We've used Beyond Compare in the past to try to figure stuff out and even then our integration had to go through ideally if there is time our own peer review and regression testing. "Considering maintaining/developing the Linux Kernel one of the most important tasks in the software industry, Linus Torvalds just wants to see things go ahead in the proper way."

Beyond Compare isn't always going to provide accurate results though.

Many new development efforts will be in the code, yet they are disabled, hidden behind feature flags which are not enabled by default.

So BC will just give you a lot of false positives since it will identify the changes yet not understand if they are really effective or not.

Thinking about this some more, it would be very helpful if there was an upgrade assesment tool. Running this tool before applying the update could essentially read the changelog then look at the target destination environment. It's going to scan the properties files and other configurations to help identify potential areas of breakage.

Take the base theme for example, there might be a change to Clay that bumped up its version number, if the tool could read the version number of the custom themes in use it could say "hey you're three versions behind on the theme, maybe run an NPM update and rebuild".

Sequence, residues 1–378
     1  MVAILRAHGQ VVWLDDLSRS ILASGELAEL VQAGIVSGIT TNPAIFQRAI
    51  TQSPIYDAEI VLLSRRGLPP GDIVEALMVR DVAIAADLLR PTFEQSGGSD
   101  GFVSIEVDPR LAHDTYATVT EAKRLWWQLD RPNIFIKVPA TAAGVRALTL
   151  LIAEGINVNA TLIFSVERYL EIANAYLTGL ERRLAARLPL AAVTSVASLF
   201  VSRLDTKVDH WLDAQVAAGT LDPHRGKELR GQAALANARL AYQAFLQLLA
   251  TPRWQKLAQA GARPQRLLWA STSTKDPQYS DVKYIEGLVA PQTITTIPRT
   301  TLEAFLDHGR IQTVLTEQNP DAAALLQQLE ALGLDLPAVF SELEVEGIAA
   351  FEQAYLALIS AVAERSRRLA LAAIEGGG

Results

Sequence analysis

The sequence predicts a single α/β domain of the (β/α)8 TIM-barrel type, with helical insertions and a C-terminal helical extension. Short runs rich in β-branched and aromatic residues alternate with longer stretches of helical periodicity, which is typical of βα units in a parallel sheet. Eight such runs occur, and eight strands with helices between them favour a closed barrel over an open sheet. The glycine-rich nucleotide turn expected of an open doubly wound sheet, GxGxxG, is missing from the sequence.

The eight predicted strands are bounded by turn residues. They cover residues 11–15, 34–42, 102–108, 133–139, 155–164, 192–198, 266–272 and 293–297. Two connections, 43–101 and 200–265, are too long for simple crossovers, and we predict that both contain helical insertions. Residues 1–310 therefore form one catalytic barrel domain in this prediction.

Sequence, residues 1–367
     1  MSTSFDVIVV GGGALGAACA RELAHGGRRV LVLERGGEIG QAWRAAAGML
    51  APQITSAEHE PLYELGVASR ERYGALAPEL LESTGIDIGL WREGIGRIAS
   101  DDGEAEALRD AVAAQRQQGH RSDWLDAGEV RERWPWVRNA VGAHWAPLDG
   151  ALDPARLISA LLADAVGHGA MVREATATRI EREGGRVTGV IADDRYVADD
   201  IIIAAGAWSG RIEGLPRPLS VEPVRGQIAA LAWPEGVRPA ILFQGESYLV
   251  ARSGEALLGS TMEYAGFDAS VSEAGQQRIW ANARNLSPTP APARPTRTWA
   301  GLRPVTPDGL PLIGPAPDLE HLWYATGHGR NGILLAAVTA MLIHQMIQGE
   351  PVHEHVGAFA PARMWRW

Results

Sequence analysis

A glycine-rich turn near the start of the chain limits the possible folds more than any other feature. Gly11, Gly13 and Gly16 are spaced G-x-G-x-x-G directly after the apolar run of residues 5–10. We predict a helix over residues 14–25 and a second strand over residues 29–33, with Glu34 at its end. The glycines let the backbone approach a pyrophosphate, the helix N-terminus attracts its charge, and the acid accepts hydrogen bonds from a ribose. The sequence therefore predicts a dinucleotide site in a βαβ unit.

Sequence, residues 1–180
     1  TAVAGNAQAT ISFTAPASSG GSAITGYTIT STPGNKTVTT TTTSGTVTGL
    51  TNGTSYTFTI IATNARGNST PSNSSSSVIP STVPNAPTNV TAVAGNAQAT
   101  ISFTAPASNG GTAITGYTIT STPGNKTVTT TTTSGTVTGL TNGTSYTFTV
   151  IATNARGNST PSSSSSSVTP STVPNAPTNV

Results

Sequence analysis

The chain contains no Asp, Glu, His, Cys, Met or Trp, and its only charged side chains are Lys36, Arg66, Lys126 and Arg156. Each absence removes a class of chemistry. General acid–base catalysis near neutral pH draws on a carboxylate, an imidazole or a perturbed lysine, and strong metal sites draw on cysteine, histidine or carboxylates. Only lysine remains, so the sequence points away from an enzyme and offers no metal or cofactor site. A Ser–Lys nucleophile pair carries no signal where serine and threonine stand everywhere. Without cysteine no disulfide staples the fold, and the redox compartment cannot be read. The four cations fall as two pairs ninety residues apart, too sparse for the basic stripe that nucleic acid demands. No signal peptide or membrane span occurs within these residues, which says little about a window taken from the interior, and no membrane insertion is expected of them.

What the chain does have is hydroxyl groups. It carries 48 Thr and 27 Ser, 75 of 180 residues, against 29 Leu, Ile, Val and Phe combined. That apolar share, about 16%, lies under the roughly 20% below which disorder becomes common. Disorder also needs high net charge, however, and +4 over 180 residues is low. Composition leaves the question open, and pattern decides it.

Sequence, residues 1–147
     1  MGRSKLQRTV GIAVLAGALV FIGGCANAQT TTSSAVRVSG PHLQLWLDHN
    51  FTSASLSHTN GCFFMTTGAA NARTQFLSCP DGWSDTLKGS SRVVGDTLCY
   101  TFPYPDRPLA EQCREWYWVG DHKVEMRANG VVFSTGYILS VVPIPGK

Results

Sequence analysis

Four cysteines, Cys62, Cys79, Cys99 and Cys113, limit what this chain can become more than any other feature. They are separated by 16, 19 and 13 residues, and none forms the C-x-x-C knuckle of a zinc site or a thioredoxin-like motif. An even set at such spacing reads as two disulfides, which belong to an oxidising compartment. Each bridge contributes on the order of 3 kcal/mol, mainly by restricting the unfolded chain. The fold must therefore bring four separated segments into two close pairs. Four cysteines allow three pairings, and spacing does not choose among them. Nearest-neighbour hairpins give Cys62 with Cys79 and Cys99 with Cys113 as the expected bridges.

At least that would go someway to help integrate changes.

And finally, you must not promote this to your next level (especially production) until you are satisfied that everything works the way you expect Let's say we had a particulary busy stretch and because updating Liferay is not our number one task ... We managed to carve out some time to catch up on about 2 months of missed updates. Between Update 60 and 67 there were 1626 documented changes in the changelog. Potentially undocumented changes also. By the time we managed to get Update 67 out to production the latest update might be at 82, optimistically we are behind on about 643 updates now. We'll forever be behind, no matter how many resources we can devote to updating Liferay.

It takes time to get through those levels of lower environments too. Anything that can help us keep pace with these changes by way of automation really would help.